Three pitchers that figured greatly in their teams' runs to the playoffs and beyond have been in the news this week. Two will be pitching for different teams and one is still under contract. All three have had varying levels of success, two of them have had high levels of success. All faced difficulties in 2009 and have serious question marks behind their names. The three? Todd Wellemeyer, Chien-Ming Wang and Daisuke Matsusaka.
Wellemeyer just signed with the Giants, so let's start with him. Two years ago, he seemed to be another of Duncan's miracles for the Cardinals. He went 13-9 with an ERA of 3.79. After never throwing more than 79 innings in any season in his years with the Royals, Cubs and Marlins, he threw 191 quality innings for the Cardinals.
Then 2009 came and Wellemeyer had a dud. His record sunk to 7-10. His ERA ballooned to 5.89 and his hits per nine and homers per nine innings were downright scary. So the question needs to be asked, is he as good as 2008, or as bad as 2009? The answer is probably no to both.
After playing around with Wellemeyer's numbers, it appears that he was pretty lucky in 2008. His BABIP or Batting Average for Balls in Play was a ridiculous .267. It was an even more absurd .216 on ball hit on the ground. His 20.6% line drive percentage was high, his walks per nine were high and he gave up 25 homers. But the Cardinals had a good team, a good defense and they won a good percentage of his games.
As lucky as Wellemeyer was in 2008, he was as unlucky in 2009. His BABIP shot up to .357 including .330 on ground balls. Remember that he had Schumaker out of position at second base and a rotating case of fielders at third and short whereas he had Troy Glaus at third and Cesar Izturis at short and Adam Kennedy at second (a good fielding infield) in 2008. .300 is about right for BABIP and would be considered neutral on the luck scale. But BABIP also shows fielding skills behind a pitcher. Wellemeyer had good fielding support in 2008 and lousy support in 2009. The Cardinals were 11th out of 16 teams in fielding percentage in the NL.
So what can the Giants expect? Probably a league average pitcher. He fared well in relief last year after he lost his rotation spot. He walks too many and gives up his fair share of homers, but whether he is in relief or starting, he should give them a shot at winning any game at least. It should also be noted that last year, he was coming off a year in which he threw more innings than ever before. That had to be some kind of factor as well.
Chien-Ming Wang has been reported close to a deal with the Nationals. The question begs as to why the Yankees gave up on him. What do they know that they aren't telling anyone? After all, before his injury in 2008 (running the bases in an interleague game), he had gone 54-22 for the Yankees. That's a pretty darn good winning percentage, eh? And it wasn't a fluke. In 2006 and 2007, his ERA+ was over 120.
So Wang got hurt and when he tried to come back last year, he had one of the most horrendous starts in the history of baseball. The Fan watched most of those games and has never seen a pitcher get so rocked...ever! Obviously, he wasn't right. After spending some time on the DL, he came back late in the year and pitched three games in relief. The numbers looked good for those outings too. So given his history, and given the state of pitching in the game, why would the Yankees just let him walk? Only they know. But it will be interesting to see if they were right or if he comes back and pitches well for his new team.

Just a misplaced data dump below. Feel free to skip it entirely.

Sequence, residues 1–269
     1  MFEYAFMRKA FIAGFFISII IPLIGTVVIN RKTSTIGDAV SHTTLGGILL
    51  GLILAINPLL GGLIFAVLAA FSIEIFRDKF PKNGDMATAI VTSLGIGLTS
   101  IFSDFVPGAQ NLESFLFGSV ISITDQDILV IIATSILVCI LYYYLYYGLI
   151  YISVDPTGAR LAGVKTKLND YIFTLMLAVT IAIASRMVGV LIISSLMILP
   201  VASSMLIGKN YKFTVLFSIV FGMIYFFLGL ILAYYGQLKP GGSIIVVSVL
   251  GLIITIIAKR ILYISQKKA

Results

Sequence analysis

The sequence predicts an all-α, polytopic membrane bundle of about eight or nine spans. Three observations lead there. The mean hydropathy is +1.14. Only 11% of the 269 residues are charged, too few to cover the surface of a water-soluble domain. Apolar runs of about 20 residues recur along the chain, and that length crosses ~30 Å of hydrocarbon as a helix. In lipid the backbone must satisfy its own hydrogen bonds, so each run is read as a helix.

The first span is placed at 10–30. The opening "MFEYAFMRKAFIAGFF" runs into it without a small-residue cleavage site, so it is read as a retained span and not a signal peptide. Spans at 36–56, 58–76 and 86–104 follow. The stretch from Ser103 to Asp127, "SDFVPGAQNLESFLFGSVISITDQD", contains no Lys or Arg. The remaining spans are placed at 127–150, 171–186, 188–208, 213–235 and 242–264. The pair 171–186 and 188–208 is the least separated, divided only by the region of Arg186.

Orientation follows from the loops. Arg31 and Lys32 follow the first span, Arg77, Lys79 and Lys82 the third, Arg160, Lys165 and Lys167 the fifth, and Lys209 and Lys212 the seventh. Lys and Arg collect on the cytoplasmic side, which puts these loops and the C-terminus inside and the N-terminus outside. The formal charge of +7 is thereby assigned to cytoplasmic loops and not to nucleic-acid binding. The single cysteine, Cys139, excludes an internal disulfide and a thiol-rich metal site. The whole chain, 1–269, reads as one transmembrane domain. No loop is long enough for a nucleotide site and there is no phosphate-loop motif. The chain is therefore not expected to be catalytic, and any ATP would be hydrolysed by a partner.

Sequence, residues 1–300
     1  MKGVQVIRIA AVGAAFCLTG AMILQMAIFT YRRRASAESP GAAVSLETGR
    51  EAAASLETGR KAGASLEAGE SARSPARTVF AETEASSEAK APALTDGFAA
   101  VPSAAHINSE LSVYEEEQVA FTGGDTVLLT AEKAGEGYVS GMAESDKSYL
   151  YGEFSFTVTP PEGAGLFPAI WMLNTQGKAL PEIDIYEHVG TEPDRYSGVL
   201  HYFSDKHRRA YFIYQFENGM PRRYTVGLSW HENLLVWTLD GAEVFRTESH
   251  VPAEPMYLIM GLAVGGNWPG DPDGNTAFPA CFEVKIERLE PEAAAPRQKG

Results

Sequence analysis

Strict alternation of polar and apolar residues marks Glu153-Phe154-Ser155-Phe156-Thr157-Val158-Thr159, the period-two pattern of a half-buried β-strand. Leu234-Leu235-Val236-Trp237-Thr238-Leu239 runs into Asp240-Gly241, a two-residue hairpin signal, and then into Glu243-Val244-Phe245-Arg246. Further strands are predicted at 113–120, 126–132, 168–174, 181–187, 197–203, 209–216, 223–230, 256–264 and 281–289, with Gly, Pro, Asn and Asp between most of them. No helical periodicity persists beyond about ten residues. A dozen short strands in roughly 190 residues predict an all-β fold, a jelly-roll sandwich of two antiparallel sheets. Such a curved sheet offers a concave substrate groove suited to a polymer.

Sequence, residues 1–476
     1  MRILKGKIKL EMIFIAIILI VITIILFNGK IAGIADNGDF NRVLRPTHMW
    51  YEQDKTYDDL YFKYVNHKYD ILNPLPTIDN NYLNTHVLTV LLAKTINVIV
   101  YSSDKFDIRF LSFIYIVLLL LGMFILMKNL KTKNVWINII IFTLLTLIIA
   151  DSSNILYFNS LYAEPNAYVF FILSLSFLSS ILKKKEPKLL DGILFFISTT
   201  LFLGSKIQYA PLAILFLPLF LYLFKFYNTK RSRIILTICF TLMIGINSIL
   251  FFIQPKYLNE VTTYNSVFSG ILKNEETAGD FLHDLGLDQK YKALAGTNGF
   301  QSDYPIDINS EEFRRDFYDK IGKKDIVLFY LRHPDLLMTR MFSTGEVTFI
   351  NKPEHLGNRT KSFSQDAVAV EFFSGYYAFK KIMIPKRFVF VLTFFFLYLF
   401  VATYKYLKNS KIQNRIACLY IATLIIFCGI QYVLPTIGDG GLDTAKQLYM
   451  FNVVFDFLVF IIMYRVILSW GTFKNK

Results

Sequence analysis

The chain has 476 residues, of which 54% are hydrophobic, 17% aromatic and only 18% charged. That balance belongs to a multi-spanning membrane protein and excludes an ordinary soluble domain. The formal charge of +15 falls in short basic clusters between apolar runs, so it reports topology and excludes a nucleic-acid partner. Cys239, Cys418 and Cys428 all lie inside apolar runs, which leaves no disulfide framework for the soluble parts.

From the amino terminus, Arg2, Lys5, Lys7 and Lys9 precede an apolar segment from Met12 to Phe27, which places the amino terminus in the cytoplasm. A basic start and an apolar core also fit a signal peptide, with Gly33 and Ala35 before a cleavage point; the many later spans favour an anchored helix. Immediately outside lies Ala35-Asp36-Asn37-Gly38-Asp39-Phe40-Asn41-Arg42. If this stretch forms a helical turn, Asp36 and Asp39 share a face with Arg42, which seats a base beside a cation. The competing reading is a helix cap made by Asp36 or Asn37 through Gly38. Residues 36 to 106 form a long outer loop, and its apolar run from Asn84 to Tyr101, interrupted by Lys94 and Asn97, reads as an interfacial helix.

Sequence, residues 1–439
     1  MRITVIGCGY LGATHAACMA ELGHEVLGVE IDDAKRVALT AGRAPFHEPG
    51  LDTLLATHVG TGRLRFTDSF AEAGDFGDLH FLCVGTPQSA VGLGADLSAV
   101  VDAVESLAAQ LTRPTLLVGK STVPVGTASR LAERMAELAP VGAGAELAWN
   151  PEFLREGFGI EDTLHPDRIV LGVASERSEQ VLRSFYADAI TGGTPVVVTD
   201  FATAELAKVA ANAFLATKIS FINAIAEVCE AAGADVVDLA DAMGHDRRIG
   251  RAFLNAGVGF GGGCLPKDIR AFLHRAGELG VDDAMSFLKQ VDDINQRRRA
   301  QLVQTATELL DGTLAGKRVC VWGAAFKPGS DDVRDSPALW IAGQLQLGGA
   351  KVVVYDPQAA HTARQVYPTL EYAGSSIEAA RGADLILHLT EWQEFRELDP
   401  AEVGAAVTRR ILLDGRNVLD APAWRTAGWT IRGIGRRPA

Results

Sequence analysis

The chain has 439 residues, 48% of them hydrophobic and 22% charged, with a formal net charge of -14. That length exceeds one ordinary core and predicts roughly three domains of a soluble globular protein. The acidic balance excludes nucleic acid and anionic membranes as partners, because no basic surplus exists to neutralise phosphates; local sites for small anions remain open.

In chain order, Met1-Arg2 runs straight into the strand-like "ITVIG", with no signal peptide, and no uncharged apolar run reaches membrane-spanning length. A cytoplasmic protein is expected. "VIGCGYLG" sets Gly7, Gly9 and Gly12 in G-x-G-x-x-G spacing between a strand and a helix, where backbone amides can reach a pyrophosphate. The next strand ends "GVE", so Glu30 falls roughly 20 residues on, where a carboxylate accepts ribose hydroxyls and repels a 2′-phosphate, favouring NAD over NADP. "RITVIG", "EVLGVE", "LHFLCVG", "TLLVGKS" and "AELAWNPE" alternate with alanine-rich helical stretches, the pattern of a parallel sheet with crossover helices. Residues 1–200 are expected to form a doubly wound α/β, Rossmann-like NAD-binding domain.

If he does sign with the Nats and can give them some semblance of his former self, they could be a lot more fun to watch this year than last. They already have Marquis, so they could have some decent starters at least.
Daisuke Matsusaka (his nickname of Dice-K is MUCH easier to say) is pretty much in the same boat as Wang except he still has a contract with his old team. If he didn't, odds would be that he wouldn't still be with the Red Sox either, especially when he angered his manager in a dispute over his conditioning and the state of his shoulder.
Like Wang, Dice-K had a dreadful year to forget in 2009. After two years of success, he apparently hurt his shoulder in the World Baseball Waste of Time Thingy. He never could get started for the Red Sox, but since they have committed a lot of money with him, he will get a chance to prove he can pitch again for the Red Sox--something Wang didn't get from the Yankees.
But again, Dice-K's numbers are interesting. He fared moderately well in 2007. His BABIP was right where it should have been at .301. He walked way too many batters, but struck out a passel of them too. His 18-3 in 2008 was something of a fluke. His BABIP was an insane .260 which also showed how good the Red Sox were in the field. His walks were still high and he has showed a propensity over the years to pitch worse when runners are on base and he has to pitch out of the stretch. His saving grace is his strikeouts--consistently in the 8.2 K/9 range for his career.
Last year, he wasn't quite as bad as much as he wasn't quite that good in 2008. His BABIP shot up to .382 which is REALLY high. Everyone agrees (including the Red Sox themselves) that the Red Sox did not field well last year. Shortstop was particularly painful.
So what does this tale of three pitchers tell us? First, things sure do change from year to year, don't they? Second, if all three are healthy, they could help the teams they will be pitching for. Predictions? Dice-K, from all accounts has worked hard on strengthening his shoulder and legs and should finish with an ERA+ between 115 and 125. Wang, if he is healthy, should finish with an ERA+ of between 100-110 and Wellemeyer will be anywhere from 95 to 105. If those predictions were to come true, everyone who employs them should be quite happy.